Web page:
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Hypermodernism (chess)

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a8 black rook
b8 black knight
c8 black bishop
d8 black queen
e8 black king
f8 black bishop
h8 black rook
a7 black pawn
c7 black pawn
d7 black pawn
f7 black pawn
g7 black pawn
h7 black pawn
b6 black pawn
e6 black pawn
f6 black knight
c4 white pawn
d4 white pawn
f3 white knight
a2 white pawn
b2 white pawn
e2 white pawn
f2 white pawn
g2 white pawn
h2 white pawn
a1 white rook
b1 white knight
c1 white bishop
d1 white queen
e1 white king
f1 white bishop
h1 white rook
The Queen's Indian Defence, controlling the central e4-square with pieces, not pawns, is a hypermodern opening for Black.

Hypermodernism is a school of chess that emerged after World War I. It featured challenges to the chess ideas of central European masters, including Wilhelm Steinitz's approach to the centre and the rules established by Siegbert Tarrasch.


The Hypermodernists demonstrated their new ideas with games and victories. Aron Nimzowitsch, considered the founder and leading practitioner of hypermodernism,[1] showed that games could be won through indirect control of the centre, breaking with Tarrasch's view that the centre must be occupied by pawns. Nimzowitsch advocated controlling the centre with distant pieces rather than with pawns, thus inviting the opponent to occupy the centre with pawns, which can then become targets of attack. This was part of the hypermodern framework, which Nimzowitsch encapsulated in his book My System, which greatly influenced many chess players. It introduced and formalised concepts of the pawn chain, overprotection, undermining, prophylaxis, restraint, rook on the seventh rank, knight outposts, the dynamics of the isolated queen's pawn, and other areas of chess.

Although none of the primary exponents of the Hypermodern school ever achieved the title of World Chess Champion, they were among the world's strongest players. World Champion Alexander Alekhine was associated with hypermodernism, but his style was more of a blend with the Classical school.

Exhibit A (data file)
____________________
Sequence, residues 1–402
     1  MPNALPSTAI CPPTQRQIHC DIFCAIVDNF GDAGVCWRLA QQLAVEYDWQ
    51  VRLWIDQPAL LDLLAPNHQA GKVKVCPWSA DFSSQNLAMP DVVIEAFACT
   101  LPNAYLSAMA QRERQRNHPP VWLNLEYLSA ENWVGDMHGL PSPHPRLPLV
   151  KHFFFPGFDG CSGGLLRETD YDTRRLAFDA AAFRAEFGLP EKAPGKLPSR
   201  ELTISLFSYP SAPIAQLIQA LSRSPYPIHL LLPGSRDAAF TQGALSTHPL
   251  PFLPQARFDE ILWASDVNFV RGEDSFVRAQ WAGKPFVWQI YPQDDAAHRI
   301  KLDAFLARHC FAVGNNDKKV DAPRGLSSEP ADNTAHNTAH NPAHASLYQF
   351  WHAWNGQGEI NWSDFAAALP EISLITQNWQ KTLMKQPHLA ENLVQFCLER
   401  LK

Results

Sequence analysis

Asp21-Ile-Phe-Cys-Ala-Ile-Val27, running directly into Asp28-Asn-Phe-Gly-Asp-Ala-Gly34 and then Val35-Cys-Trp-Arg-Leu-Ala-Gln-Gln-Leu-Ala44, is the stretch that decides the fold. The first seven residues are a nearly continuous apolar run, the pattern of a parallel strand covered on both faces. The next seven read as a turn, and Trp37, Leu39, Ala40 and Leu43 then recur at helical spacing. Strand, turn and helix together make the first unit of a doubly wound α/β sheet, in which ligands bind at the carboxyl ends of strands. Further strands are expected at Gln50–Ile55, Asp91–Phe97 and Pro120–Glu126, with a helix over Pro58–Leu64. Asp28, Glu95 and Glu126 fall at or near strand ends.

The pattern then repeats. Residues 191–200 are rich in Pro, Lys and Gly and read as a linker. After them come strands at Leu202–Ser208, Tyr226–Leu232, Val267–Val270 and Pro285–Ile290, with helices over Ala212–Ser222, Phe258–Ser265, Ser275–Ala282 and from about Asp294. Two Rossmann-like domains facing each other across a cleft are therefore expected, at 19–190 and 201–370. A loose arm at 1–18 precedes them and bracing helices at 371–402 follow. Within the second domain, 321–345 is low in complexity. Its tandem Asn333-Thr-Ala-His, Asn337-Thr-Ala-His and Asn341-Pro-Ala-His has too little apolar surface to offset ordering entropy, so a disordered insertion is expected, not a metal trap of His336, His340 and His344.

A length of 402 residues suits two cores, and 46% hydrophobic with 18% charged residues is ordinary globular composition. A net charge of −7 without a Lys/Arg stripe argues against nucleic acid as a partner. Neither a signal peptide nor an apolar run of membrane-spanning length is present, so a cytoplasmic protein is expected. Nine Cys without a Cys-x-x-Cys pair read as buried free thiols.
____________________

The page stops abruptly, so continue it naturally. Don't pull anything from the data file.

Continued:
In practice, hypermodernism has not replaced the classical theory of Steinitz and Tarrasch. Instead, modern chess textbooks describe hypermodernism as an addition, or extension, to classical theory.

Hypermodern openings include the Réti Opening, King's Indian Defence, Queen's Indian Defence, Nimzo-Indian Defence, Nimzowitsch Defence, Grünfeld Defence, Bogo-Indian Defence, Old Indian Defence, Catalan Opening, King's Indian Attack, Alekhine's Defence, Modern Defence, Pirc Defence, Larsen's Opening, and to a lesser degree the English Opening. Openings such as 1.a3 do not constitute hypermodern openings since, although they delay the occupation of the centre with pawns, they also delay piece development.[citation needed]


Howard Staunton and many of his 19th-century contemporaries understood various ideas associated with hypermodernism.[2] The Hypermodern school of chess theory came to prominence in the 1920s. Leading members were Aron Nimzowitsch, Richard Réti, Savielly Tartakower, Gyula Breyer, Efim Bogoljubov, and Ernst Grünfeld, who all came from Central Europe.[3] They felt that chess was becoming boring, slow, and not worthwhile. They also believed that chess could not be defined by a simple set of laws or principles, such as those laid out by Siegbert Tarrasch.

Their ideas were thus a challenge to the existing orthodoxy popularised by Tarrasch in the 1890s. This orthodoxy was a rather dogmatic distillation of the ideas worked out by chess pioneer Wilhelm Steinitz. Steinitz was the first player who in his play demonstrated a mastery of positional chess, and the ideas he developed came to be known as the "Classical" or "Modern" school of thought. This school of thought emphasised the importance of "static" advantages such as avoidance of pawn weaknesses, strong outposts for knights, and striving for "good" rather than "bad" bishops in positions with locked pawn structures. This school of thought was in turn a reaction to the earlier swashbuckling style of Adolf Anderssen, Henry Blackburne, and others, who represented the Romantic school.

In 1922, Réti published Die neuen Ideen im Schachspiel (English: The New Ideas in Chess), an examination of the evolution of chess thinking from the time of Paul Morphy through the beginning of the Hypermodern school. The name "hypermodern" was originated by Tartakower;[4] his book Die hypermoderne Schachpartie (English: The Hypermodern Chess Game) was published in 1924. Nimzowitsch's book Mein System (English: My System) was published in 1925 through to 1927 in five installments. It discusses elements of hypermodernism, but focuses mainly on positional chess.


  1. ^ Hooper & Whyld 1996, p. 361, schools of chess · The Hypermodern movement.
  2. ^ Korn & de Firmian 1990, p. 625.
  3. ^ Averbakh 2012, p. 81.
  4. ^ Hooper & Whyld 1996, p. 178, hypermodern.


  • Averbakh, Yuri (2012), A History of Chess from Chaturanga to the Present Day, Russell Enterprises, ISBN 978-1-936490-44-8
  • Hooper, David; Whyld, Kenneth (1996) [First pub. 1992], The Oxford Companion to Chess (2nd ed.), Oxford University Press, ISBN 0-19-280049-3
  • Korn, Walter; de Firmian, Nick (1990), Modern Chess Openings, David McKay Company, Inc, ISBN 0-8129-1730-8
  • Réti, Richard and John Hart (tr.) (2002) [1923], Modern Ideas in Chess, Hardinge Simpole, ISBN 1-84382-015-3

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